Besides all these circumstances to trouble Cromwell's spirit another has occurred this week which has thrown the Court into mourning. His Highness's new son-in-law Rich, who married his youngest daughter last autumn, has been suffering for some time from a hectic fever, which sapped his strength and yesterday he passed away, lamented by all for his rare qualities and for the great expectations generally entertained of him.
The suspicions reported still persist and indeed increase. Thus other officers have been dismissed and some sent to the Tower for improper answers to the Protector when he sent for them and enjoined them to be peaceful and to abstain from fomenting trouble which might produce the worst consequences to the present state. All the regiments and all the companies have been purged of Anabaptists, as men who profess diabolic principles and encourage disorder, who are constantly promoting disturbances, from whom this government cannot fail to receive serious injury.
His Highness's eldest son has been appointed general in Scotland in place of Monch, who has been summoned to London. He does not seem much inclined to obey, offering many excuses to relieve himself of the duty of coming to England.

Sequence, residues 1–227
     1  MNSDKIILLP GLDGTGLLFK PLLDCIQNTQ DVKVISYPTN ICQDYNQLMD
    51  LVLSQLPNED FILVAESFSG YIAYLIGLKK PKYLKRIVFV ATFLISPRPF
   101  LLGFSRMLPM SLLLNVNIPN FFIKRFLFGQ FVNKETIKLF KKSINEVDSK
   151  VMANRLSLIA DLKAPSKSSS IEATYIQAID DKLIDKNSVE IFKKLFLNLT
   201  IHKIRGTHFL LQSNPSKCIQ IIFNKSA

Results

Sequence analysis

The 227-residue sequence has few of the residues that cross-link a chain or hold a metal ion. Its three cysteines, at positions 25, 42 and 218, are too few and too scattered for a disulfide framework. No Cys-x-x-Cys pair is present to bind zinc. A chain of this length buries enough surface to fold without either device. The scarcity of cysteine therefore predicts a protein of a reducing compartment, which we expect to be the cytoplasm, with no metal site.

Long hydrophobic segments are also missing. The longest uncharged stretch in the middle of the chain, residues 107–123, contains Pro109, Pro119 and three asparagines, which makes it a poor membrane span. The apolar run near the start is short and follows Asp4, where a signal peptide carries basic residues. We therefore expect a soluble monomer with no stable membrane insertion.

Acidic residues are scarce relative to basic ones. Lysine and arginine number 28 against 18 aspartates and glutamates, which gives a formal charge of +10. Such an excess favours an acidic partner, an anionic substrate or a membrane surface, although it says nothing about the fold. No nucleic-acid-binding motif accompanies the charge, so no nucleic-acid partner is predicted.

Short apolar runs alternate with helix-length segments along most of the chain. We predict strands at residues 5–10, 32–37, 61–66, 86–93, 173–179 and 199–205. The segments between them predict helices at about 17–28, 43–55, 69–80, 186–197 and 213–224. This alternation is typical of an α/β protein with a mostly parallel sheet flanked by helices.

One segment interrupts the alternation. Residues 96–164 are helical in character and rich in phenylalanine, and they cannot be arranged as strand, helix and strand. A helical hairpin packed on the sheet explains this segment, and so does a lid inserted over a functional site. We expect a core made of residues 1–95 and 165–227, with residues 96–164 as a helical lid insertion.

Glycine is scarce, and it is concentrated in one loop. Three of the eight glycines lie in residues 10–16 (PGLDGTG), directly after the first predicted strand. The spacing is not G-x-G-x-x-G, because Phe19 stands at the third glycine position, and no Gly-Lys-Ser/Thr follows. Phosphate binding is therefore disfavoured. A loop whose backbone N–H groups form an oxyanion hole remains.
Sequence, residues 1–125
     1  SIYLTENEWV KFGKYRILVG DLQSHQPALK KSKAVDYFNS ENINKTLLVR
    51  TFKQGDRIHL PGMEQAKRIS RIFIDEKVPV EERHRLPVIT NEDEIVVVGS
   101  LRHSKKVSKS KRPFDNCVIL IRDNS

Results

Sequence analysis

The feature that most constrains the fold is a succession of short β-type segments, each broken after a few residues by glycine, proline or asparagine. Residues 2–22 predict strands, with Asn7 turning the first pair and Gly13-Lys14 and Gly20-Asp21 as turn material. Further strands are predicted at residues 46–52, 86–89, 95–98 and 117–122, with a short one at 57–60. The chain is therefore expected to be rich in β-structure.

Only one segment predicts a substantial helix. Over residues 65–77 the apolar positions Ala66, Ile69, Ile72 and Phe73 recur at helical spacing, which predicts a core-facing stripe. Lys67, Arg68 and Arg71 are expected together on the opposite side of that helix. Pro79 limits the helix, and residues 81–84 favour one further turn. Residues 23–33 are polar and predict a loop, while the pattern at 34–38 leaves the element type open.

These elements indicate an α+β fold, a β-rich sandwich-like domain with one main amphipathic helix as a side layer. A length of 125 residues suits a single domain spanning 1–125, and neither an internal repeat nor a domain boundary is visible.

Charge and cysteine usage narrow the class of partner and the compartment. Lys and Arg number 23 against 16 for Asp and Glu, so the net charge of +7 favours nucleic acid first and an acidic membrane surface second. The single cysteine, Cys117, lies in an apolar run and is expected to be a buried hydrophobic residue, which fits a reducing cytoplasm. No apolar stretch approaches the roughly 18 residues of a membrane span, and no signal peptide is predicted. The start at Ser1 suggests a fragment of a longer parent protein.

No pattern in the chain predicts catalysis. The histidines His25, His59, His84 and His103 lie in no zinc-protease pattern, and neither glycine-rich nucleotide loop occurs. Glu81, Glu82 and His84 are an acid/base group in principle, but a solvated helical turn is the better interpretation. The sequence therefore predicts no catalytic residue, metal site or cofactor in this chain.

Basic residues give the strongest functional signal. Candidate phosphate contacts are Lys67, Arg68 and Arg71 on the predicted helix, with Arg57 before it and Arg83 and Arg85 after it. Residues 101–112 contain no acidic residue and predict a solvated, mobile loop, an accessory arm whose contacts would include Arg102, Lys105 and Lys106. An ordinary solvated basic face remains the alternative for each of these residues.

The commissioners of the king of Sweden have been engaged here a long while to settle some maritime questions outstanding between the merchants of the two countries. They have been working under the impression that the Swedes would find they were owed a considerable sum in sterling by the English. But now the accounts have been made up and all the particulars investigated it is found that they were greatly mistaken, since they are found to be indebted to the English for loss inflicted on trade and otherwise during the war between this country and the Dutch, for over 80,000l. of their money here, a sum which will never be paid, or at least only a fraction of it over a very long period.